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The Confetti East guide to trousseau shopping

Written by    Last updated: October 10, 2006

There are no hard and fast rules as to what an ideal trousseau should consist of. If you don’t want to go overboard and end up with items that you never use, read on…

Along with most South Asian brides, you probably have a long list of outfits you need to buy for the wedding. It will include pre and post wedding functions, as well as outfits for the first year of marriage. It is customary for a new bride to be seen in all her finery almost throughout the first twelve months after marriage. Of course, this means having to balance your trousseau budget and finding out what is most important to you. Whenever you feel things are getting on top of you, make use of this handy guide to wedding trousseau shopping. It’s full of great tips and options that will help you keep things in perspective.

Full length modelsWhat do you need?

Typically a trousseau consists of a selection of outfits, jewellery, accessories, make‐up and some household items such as bed sheets and linen. These pieces may be bought or inherited, but remember they aren’t meant to simply grace a wardrobe. Don’t buy something just because convention dictates that you should, as in all probability you will never use it.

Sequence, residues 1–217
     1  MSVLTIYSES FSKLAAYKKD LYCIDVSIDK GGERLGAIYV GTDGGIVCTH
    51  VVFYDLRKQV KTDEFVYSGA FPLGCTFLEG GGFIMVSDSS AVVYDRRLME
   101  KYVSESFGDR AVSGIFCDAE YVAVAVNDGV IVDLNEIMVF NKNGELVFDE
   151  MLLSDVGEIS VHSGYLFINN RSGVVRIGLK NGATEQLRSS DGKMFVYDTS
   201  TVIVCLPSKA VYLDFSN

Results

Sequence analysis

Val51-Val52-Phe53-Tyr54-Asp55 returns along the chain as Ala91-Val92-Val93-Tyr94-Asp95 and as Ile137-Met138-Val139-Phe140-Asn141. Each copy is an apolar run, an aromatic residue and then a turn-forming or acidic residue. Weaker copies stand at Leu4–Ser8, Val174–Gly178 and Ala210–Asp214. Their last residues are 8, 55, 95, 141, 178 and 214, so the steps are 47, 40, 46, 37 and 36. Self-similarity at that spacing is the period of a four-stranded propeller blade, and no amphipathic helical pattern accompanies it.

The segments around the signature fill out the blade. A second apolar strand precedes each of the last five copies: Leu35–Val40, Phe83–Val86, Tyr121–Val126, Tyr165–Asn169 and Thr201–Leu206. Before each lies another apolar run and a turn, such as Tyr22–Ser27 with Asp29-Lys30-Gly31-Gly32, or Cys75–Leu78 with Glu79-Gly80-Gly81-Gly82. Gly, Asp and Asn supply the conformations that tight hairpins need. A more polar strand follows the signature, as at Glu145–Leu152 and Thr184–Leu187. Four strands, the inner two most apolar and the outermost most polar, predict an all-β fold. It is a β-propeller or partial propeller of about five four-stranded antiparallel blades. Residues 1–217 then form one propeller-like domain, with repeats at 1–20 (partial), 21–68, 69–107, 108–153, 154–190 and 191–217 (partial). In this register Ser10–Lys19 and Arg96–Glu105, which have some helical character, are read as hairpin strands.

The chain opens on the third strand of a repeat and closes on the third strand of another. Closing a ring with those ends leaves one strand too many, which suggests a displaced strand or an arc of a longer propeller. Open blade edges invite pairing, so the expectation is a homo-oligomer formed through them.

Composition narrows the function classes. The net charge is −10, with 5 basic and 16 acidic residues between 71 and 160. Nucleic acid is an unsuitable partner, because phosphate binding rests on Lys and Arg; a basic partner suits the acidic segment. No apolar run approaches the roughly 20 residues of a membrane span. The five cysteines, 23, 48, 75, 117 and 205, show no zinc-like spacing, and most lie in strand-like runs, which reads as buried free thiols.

Trendy or traditional?

An ideal trousseau will have a judicious mix of tradition and trend. Keeping in mind that each piece is an investment, in both financial and sentimental terms, most of the outfits should stand the test of time, possibly to be handed down in the future to a daughter or daughter‐in‐law. However, do make sure you have some modern pieces, with perhaps a stamp of your individual style.

How many?

Traditionally an odd number is auspicious. For instance, some brides take 11 saris, 11 salwar kameez, 9 trendy outfits, like short kurta with patiala salwar, to make a total of 31. Choose colours that suit you rather than going for every colour in the spectrum. Generally, white and black colours are excluded from trousseaux.

FacesAll that glitters

Gold is no longer considered a must for bride’s jewellery. Most brides opt for a heavy costume set to match their wedding dress and buy a few real pieces, which could be used with western outfits as well as traditional ones. Contemporary designs in platinum set with diamonds are popular. Antique jewellery has also had a fashion revival, with old kundan pieces at the top of a bride’s wish‐list. For other outfits in your trousseau, you could find trendy costume accessories that are just right.

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